Let me give you a goal: Three scripts. Three treatments. That’s what you should aim to have in hand when you make a legitimate push to break into the business. Those scripts need to be written, rewritten, rewritten again, vetted by writers who know story as well as pro readers. Those treatments don’t have to be full outlines, but convey a story in three acts, strong on character description. And these should all be your strongest story concepts which means you will want to be generating ideas on a consistent basis, working on only the best ones.

A word about income. Try to find a job that lends itself to writing. In January 2013, I interviewed 2012 Nicholl Fellowship winner Michael Werwie. He made a living as a bartender. Check out his thoughts on that gig:

Bartending couldn’t have been a more perfect fit. I had my days completely free and I used that time to write. I’d wake up, eat breakfast, and write, and that just became a discipline, to the point where if I skipped it or didn’t have time to do it for whatever reason, it felt strange. I would do that every day, and would also take meetings, if and when I had those (which were few and far between for many, many years). Bartending allowed me to make the most money while working the fewest hours. It was a good balance because I could treat writing like a full‑time job and still pay the bills.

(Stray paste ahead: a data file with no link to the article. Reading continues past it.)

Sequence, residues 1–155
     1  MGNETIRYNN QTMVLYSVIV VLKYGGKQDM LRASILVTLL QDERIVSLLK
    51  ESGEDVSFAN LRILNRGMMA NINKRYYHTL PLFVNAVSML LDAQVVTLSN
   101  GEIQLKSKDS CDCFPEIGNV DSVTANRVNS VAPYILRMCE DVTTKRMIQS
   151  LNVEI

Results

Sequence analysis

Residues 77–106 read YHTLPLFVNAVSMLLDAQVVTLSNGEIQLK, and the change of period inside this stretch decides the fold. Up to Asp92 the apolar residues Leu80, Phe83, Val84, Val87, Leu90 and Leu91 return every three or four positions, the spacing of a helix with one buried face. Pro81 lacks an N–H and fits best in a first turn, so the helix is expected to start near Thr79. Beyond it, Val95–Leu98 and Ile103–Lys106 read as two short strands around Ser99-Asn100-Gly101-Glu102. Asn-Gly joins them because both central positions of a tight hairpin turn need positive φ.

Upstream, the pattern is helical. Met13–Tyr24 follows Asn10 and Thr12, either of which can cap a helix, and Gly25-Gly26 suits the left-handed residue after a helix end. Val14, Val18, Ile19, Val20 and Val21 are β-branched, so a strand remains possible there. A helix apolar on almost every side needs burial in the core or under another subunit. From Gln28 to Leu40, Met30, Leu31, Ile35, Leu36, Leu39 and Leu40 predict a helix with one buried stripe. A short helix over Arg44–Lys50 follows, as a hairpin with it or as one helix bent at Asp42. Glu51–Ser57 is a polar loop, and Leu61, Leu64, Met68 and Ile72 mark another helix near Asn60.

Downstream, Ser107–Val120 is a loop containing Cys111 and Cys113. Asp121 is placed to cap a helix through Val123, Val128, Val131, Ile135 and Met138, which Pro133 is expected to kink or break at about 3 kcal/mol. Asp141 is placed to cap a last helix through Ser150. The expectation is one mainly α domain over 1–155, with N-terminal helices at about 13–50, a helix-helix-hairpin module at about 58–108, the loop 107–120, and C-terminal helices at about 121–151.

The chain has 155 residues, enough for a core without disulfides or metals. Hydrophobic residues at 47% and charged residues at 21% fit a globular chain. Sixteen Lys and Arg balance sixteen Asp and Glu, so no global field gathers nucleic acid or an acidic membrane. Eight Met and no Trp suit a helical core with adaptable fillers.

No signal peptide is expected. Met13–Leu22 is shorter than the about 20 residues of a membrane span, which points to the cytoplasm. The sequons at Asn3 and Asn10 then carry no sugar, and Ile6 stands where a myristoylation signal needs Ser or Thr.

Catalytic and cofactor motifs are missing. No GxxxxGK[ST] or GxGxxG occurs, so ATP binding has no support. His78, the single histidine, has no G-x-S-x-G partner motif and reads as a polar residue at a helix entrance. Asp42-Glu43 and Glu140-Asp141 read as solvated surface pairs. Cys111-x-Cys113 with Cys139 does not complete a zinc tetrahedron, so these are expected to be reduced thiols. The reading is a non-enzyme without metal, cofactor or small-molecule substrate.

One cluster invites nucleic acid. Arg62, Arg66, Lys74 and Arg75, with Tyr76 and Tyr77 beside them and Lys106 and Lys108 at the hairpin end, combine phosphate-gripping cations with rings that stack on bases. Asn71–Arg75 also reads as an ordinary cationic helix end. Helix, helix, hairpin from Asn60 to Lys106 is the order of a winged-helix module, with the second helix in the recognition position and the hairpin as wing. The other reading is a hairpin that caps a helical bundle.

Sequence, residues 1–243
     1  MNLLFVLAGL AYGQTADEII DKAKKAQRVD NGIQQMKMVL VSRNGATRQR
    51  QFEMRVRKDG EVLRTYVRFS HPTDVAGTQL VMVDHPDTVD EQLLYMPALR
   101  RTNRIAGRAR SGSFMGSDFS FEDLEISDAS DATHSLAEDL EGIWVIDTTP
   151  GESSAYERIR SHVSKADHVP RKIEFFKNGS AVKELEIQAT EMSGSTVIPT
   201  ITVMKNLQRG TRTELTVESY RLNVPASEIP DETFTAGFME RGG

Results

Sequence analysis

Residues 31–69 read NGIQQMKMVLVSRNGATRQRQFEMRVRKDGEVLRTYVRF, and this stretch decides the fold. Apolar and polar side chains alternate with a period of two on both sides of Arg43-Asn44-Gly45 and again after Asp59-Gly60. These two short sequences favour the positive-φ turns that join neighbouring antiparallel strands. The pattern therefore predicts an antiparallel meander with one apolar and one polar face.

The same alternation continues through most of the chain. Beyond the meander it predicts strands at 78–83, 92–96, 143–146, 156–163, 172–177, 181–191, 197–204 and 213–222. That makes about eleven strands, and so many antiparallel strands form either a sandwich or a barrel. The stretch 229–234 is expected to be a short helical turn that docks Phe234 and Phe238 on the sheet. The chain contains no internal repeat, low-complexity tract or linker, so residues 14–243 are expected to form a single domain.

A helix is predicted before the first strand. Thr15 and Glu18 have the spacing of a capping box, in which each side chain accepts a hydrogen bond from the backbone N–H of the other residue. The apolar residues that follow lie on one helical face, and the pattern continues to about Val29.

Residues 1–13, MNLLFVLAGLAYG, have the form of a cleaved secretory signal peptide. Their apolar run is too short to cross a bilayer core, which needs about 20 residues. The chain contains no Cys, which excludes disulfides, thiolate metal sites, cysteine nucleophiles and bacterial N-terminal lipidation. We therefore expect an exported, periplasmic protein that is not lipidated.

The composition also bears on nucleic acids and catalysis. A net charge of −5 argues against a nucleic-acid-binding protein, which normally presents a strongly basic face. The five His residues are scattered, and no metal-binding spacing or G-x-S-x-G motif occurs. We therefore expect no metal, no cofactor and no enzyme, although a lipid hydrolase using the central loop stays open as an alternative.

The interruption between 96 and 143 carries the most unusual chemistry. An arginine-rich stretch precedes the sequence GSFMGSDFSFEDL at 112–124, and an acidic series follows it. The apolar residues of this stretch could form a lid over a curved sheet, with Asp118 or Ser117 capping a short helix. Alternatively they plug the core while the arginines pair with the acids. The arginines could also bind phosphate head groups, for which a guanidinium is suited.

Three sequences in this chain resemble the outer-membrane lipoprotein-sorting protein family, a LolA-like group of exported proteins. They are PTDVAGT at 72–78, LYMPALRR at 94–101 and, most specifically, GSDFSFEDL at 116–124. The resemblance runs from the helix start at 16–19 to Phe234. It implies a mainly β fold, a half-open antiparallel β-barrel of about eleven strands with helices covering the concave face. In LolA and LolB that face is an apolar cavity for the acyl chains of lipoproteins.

When I was first writing scripts, I was doing stand-up comedy, so I scheduled my work three weeks on, one week off. I’d break story on my cassette tape recorder while driving between gigs up and down the 101 or the I-5 in California, and transcribe notes to legal pad at night. Then in my week off, I’d pound out pages. There are jobs. And there are jobs which are writer-friendly. Find one of those.

Let me close with this anecdote. Some years ago, I was leading a workshop at UCLA and invited as a guest one of my former students Lisa Joy. At the time, Lisa was writing for the USA TV series “Burn Notice” after having been on staff of the ABC series “Pushing Daisies”. Subsequently Lisa sold a feature spec script “Reminiscence”, then co-wrote the pilot “Westworld” which HBO has put into production as a series.

In our session in Westwood, Lisa said something I’ve always remembered: “Before I broke in, I decided I may not be a professional writer yet… but I’m going to conduct myself as if I am.”

Every piece of advice I provide above? What Lisa said encapsulates it.

Conduct yourself like a professional writer.

Pro writers want it.
Pro writers love it… even when they hate it.
Pro writers are in it for the long game.
Pro writers watch movies… fanatically.
Pro writers read scripts… obsessively.
Pro writers write pages… daily.
Pro writers live life… and feed their creativity.

Finally, let me suggest a change in language. Instead of giving it a “shot”… make a “commitment”. That’s what’s needed. A total commitment of mind, body, and soul.

To help speed you on your way, a big honking blast of creative juju!

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Onward!

[Originally posted June 5, 2015]

For more Go Into The Story Reader Questions and Answers, go here.